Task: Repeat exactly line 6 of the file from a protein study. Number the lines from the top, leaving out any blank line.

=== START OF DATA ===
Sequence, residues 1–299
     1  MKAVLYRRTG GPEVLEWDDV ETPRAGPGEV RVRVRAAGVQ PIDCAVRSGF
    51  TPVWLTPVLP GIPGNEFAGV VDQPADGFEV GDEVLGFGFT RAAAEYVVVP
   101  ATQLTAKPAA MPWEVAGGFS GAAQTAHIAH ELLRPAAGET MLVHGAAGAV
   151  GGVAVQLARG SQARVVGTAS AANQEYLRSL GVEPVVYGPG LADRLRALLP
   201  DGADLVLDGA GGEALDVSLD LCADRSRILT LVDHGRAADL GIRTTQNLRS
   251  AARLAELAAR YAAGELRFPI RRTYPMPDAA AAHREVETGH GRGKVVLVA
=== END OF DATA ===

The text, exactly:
   201  DGADLVLDGA GGEALDVSLD LCADRSRILT LVDHGRAADL GIRTTQNLRS